Five Critical Concerns in the Wake of Recent Interest Rate Hike

As far-fetched as it sounds, it seems more women fear the possibility of becoming bag ladies in retirement. While some might feel secure today, no one knows what tomorrow holds. Here are the top threats to a successful retirement outcome, and how they’re defeated.

Americans fear destitution in retirement. As unbelievable as the following statistic might sound, a 2013 study titled “Women, Money & Power” from Allianz Life found that almost half of the women surveyed were concerned they’ll end up as “bag ladies” later in life.

Recent interest rate action by the Federal Reserve has these fears front-and-center once again. In December, the central bank raised its benchmark range from between zero and 0.25 percent to between 0.25 and 0.50 percent, and has some people rightly wondering if it sees something coming that the general public does not. Turmoil in the Middle East, economic malaise and now the move by the Fed—it’s more uncertainly that’s fueling investor anxiety.

Diminishing that anxiety means addressing the uncertainty, something more and more financial professionals are attempting to do.

“The good news is that Americans are living longer,” says Brian Rooke, an insurance professional and registered representative with Rooke Capital Management in Westlake Village, California. “The bad news is …Americans are living longer, which means there has to be a way to pay for it. The length of retirement isn’t known, and planning for it is increasingly difficult.”

Difficult, but doable nonetheless. Rooke details the top five threats to a secure retirement (and what to do about them) in a new report released by his firm. They are:

1). Inflation – It isn’t an issue now, but low inflation is an anomaly and higher rates are expected to return soon. According to the U.S. Bureau of Labor Statistics, the inflation rate in the United States averaged 3.31 percent from 1914 until 2015, reaching an all-time high of 23.7 percent in June of 1920.

2). Taxes – Politicians like debt, but it will have to be paid back, and likely in the form of higher taxes. As the old adage states, “It’s not what you earn, it’s what you keep,” something that’s particularly apropos with saving and investing.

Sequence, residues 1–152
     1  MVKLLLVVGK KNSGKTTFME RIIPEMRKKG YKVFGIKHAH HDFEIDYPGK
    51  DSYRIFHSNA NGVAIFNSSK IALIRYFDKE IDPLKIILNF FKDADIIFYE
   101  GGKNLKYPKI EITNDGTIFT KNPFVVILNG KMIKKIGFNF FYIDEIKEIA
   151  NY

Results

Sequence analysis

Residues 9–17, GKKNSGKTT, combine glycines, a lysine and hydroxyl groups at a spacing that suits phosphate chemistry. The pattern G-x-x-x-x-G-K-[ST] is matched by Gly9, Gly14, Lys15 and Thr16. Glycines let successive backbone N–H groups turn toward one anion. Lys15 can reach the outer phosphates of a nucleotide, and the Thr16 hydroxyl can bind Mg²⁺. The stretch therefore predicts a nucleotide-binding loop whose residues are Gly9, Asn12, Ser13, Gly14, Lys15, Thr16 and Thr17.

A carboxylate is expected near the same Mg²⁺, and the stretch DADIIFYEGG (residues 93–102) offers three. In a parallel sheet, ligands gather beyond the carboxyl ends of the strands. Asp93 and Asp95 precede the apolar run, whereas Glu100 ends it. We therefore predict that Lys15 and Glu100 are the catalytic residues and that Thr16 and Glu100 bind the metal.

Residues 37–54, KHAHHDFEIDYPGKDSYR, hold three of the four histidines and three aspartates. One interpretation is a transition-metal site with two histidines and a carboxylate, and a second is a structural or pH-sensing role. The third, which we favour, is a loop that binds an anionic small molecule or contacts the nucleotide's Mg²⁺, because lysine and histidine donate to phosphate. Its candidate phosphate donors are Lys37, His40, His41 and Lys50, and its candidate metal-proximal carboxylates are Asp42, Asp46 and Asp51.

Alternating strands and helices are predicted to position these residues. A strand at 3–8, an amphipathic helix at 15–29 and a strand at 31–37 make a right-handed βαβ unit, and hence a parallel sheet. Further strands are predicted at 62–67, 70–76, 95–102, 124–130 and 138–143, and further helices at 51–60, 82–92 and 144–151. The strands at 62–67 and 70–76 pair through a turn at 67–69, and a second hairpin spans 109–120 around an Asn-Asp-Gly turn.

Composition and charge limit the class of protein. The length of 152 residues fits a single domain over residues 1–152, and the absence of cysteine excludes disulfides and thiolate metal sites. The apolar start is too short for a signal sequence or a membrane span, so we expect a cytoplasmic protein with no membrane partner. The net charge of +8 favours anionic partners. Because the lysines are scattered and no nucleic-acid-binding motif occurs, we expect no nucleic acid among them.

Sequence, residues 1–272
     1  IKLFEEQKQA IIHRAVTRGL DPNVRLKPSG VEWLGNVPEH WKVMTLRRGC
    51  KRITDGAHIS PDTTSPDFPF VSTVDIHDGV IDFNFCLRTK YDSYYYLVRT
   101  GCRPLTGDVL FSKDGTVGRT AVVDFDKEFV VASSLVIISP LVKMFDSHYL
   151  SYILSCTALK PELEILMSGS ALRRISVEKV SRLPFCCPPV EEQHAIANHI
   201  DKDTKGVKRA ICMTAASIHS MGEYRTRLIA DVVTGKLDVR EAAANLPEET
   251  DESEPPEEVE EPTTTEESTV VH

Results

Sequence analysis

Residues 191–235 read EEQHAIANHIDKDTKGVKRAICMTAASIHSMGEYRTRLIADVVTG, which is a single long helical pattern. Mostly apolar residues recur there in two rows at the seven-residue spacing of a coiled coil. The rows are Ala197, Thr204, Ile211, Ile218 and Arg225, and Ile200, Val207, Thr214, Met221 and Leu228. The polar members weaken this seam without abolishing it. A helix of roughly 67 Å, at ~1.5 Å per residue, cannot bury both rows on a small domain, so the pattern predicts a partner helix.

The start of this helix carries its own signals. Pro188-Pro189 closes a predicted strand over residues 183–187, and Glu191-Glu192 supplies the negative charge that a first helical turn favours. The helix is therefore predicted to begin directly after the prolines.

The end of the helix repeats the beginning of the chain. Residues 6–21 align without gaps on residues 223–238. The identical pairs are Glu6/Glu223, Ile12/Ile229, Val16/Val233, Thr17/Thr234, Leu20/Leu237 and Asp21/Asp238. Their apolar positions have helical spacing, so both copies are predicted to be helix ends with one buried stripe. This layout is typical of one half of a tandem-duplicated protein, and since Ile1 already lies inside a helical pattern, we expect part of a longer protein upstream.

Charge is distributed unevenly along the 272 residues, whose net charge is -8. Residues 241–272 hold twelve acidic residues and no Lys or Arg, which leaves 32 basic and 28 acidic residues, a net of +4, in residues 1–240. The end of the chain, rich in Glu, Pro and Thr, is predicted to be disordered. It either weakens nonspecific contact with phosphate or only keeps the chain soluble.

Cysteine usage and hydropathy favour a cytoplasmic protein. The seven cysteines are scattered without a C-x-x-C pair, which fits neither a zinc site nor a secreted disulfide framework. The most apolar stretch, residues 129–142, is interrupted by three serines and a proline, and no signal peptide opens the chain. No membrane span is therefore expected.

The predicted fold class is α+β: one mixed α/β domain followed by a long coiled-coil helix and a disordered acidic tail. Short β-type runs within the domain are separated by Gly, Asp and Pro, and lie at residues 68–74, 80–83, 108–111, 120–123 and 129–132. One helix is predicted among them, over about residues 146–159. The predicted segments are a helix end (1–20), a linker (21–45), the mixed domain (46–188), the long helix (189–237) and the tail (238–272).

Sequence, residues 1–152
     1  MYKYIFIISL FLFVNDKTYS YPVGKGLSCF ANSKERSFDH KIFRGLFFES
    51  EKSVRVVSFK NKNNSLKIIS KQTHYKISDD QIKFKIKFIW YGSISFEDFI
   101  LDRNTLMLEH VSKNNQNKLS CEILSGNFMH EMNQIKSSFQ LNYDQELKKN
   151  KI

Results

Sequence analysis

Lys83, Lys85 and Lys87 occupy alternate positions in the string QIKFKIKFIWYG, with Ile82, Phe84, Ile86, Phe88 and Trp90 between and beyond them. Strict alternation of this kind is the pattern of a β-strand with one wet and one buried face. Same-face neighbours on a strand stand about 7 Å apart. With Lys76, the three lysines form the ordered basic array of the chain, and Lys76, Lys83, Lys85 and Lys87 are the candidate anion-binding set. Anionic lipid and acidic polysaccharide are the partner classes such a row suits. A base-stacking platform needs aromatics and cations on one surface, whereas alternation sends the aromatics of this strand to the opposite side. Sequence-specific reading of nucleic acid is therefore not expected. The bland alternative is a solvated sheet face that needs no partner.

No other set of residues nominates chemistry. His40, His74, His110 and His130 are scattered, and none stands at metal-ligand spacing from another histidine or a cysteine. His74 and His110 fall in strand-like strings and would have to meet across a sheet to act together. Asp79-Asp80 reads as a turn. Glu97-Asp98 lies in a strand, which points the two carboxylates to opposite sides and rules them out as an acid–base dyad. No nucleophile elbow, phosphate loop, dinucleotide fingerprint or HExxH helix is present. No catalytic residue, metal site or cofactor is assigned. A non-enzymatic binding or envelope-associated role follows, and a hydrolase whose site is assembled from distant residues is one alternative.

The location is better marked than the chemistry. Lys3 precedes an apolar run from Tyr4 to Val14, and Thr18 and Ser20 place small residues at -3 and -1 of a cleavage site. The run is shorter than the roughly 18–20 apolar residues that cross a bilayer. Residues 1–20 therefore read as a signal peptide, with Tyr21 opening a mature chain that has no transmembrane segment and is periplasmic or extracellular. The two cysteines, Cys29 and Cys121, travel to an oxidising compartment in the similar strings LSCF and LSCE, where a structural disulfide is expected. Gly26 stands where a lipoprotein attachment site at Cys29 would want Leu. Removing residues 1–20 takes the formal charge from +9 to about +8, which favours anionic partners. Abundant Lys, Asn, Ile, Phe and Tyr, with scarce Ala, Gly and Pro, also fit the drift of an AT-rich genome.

3). Long term care – Despite the Obama Administration’s best efforts, health care costs continue to rise. While medicine and trips to the doctor are often top-of-mind for retirees, few plan for a time when they’re incapacitated and unable to care for themselves. Consider that quality long term care can run between $80,000 and $150,000 per year. If a retiree with a $600,000 portfolio suddenly breaks a hip, the resulting fallout is nothing short of devastating.

4). Health care costs – Again, health care costs are going up. Whether or not the cost curve “begins to bend,” diabetes, high blood pressure and other ailments that plague older Americans will also affect long term financial security. A sampling of requested rate increases for 2016 include New Mexico, where The Wall Street Journal reports Health Care Service Corp. asked for an average jump of 51.6% in premiums. The biggest insurer in Tennessee, BlueCross BlueShield, requested an average 36.3% increase.

5). Cognitive decline – Even the sharpest sticks dull with age. It’s not a time to worry about “safe withdrawal rates,” “asset allocation” and the other minutia of a healthy portfolio, which is why proper preparation is so important.

“When guaranteed income for basic, day-to-day needs is provided, investors can more confidently invest the rest,” Rooke adds. “That helps remove the uncertainty and therefore anxiety. The client knows they will have a roof over their heads and food to eat, so they can breathe easier.”

It’s why protection comes first, which in this context means protection of principal. Creating a coordinated retirement income strategy that encompasses Social Security, a pension or defined contribution plan as well as an insurance and/or annuity product is key. Of course, guarantees and protections provided by insurance products including annuities are backed by the financial strength and claims-paying ability of the issuing insurer.

Much of it depends on clearly setting expectations upfront. Obviously, some accounts might decline in value and others might rise; it’s just the nature of the market and should be accounted for in any solid retirement income strategy.

Contact Info:
Name: Brian Rooke
Email: Send Email
Organization: Rooke Capital Management
Phone: 800-303-6558

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Release ID: 100999